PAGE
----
Archaeological sites


Acropolis of Midea

The acropolis of Midea was, together with Mycenae and Tiryns, one of the three main Mycenaean centres in Argolis. Its importance is demonstrated by its impressive cyclopean defences, its place in mythology, the rich necropolis in neighbouring Dendra and the finds from excavations of the site, which began in 1939 and, after a long break, have been going on systematically for the last twenty years.

The hill where the acropolis was founded dominates the eastern edge of the Argolid Plane and is about half way between Mycenae and Tiryns. At a height of 270m above sea level, it is the highest Mycenaean acropolis. The cyclopean wall is built with large blocks of stone and is 450m long, between 5 and 7m wide, and at certain points it has survived up to 7m in height. The total fortified area, which consists of the upper and lower acropolis, is 24 stremmata [1 stremma=1,000m2].

Midea Hill was occupied from the Neolithic until the Byzantine period. During the Meso-Helladic and early Mycenaean period (18th-16th century BC), Midea was already a significant settlement, which developed into a large and important Mycenaean centre. Its heyday is placed in the 13th century, which is when the cyclopean wall was built. It is to this period that the majority and best preserved constructions discovered within the acropolis belong. Midea, just like Tiryns, was hit by a powerful earthquake at the end of the 13th century BC, which resulted in the widespread destruction of its defences and buildings. In the ruins of one of the buildings, a crushed human skeleton was found, no doubt a victim of the earthquake.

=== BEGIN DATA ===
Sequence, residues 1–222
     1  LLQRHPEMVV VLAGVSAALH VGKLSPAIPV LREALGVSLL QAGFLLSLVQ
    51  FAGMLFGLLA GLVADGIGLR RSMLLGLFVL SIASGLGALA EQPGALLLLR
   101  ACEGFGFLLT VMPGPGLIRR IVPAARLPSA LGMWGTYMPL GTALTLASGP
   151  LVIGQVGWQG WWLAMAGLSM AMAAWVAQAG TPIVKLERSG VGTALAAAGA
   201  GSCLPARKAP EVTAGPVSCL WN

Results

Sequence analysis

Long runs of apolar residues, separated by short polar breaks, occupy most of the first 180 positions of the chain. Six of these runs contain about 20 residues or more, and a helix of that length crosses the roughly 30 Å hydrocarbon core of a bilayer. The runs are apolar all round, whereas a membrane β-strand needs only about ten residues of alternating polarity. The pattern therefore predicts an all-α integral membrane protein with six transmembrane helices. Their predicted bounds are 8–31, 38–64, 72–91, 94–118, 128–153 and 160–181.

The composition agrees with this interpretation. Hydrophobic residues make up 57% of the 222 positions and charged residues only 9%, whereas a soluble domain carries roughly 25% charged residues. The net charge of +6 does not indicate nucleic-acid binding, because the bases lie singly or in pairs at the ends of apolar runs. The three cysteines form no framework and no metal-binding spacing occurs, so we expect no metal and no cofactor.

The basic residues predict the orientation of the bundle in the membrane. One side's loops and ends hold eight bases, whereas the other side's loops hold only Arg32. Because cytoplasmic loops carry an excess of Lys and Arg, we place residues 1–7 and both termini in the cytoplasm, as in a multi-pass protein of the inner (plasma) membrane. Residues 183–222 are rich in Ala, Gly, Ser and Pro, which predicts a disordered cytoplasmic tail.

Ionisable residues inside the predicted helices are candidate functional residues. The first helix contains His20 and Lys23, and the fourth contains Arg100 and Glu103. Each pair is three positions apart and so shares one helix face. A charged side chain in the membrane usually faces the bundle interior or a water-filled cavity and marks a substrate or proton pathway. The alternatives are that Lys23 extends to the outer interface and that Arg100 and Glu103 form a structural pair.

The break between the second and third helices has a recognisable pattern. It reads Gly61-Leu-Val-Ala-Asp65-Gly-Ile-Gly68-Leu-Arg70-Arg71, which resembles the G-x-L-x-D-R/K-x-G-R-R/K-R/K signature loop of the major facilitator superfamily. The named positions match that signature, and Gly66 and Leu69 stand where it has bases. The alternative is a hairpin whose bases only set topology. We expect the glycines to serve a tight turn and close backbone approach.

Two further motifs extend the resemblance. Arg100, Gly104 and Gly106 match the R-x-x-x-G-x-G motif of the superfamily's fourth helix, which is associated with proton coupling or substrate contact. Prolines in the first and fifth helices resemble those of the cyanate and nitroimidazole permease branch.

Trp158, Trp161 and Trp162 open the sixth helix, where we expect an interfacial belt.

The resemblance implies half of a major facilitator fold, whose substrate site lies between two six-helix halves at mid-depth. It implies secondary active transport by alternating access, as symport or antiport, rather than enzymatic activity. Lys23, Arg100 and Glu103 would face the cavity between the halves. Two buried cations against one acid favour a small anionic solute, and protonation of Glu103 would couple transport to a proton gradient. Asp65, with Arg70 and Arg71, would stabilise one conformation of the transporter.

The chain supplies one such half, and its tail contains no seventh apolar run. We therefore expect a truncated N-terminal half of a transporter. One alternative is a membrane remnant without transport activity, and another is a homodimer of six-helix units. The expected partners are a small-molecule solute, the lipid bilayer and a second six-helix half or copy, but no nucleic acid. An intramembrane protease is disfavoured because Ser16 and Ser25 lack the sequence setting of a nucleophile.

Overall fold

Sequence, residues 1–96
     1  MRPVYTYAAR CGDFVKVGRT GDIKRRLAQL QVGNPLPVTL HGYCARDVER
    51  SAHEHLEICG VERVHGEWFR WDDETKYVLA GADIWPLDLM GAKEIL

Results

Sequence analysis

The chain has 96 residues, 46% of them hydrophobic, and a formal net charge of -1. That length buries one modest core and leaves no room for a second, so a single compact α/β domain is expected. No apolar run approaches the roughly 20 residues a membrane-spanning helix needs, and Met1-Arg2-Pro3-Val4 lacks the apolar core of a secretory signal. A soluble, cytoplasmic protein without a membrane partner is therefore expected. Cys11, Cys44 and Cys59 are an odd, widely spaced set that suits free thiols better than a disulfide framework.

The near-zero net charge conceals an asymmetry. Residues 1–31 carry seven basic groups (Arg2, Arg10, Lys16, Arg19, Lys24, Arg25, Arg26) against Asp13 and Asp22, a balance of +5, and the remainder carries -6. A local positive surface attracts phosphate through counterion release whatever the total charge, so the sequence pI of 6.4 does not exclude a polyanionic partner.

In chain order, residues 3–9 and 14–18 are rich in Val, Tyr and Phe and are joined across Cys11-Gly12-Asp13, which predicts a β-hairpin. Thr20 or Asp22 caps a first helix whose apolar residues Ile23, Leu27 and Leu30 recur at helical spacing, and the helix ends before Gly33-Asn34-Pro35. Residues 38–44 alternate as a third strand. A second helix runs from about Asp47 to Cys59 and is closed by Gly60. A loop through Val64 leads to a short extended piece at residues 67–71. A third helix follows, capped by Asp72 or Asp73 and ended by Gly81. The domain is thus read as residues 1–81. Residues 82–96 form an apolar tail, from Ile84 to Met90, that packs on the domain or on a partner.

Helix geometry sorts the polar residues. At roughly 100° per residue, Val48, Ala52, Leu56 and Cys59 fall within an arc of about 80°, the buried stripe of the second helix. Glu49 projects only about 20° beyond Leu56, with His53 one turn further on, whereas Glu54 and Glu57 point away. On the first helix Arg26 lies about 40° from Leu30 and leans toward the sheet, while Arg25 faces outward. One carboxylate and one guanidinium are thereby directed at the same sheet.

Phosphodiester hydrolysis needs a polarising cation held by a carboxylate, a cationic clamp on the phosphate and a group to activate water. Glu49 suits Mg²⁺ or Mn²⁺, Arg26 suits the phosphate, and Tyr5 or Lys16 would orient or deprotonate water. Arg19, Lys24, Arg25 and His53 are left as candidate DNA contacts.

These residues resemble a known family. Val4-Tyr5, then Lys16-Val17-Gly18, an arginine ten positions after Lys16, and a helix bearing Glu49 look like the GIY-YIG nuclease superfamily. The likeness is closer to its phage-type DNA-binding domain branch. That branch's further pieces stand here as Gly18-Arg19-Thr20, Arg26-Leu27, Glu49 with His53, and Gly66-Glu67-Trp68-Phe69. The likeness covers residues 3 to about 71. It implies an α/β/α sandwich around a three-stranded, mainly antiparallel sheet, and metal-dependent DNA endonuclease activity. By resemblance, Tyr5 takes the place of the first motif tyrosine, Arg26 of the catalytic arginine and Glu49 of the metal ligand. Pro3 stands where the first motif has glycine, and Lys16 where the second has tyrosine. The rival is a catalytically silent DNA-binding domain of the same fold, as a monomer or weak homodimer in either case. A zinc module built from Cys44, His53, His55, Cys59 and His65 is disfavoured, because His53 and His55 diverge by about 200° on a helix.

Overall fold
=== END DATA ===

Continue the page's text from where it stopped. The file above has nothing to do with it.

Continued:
The excavations brought to light two monumental entrances into the acropolis: the East and West Gates. Various building complexes have been discovered near to the gates, as well as on the terraces to the northeast and the southwest, which had many rooms, and some of which were storage and workshops. The remains of a sewage system have also been located. The fragments of murals that have been found suggest that many of the rooms must have been painted. Many finds have come from these areas, such as clay and stone pots; stone storage 'stirrup' jars. some with inscriptions in Linear B; lead utensils; handmade or wheel-thrown clay idols; stone seals and various stone and copper tools. Standing out among the finds are the many unworked pieces of precious stone and a steatite mould for making beads out of gold and glass, which show that there must have been workshops producing jewellery on Midea.



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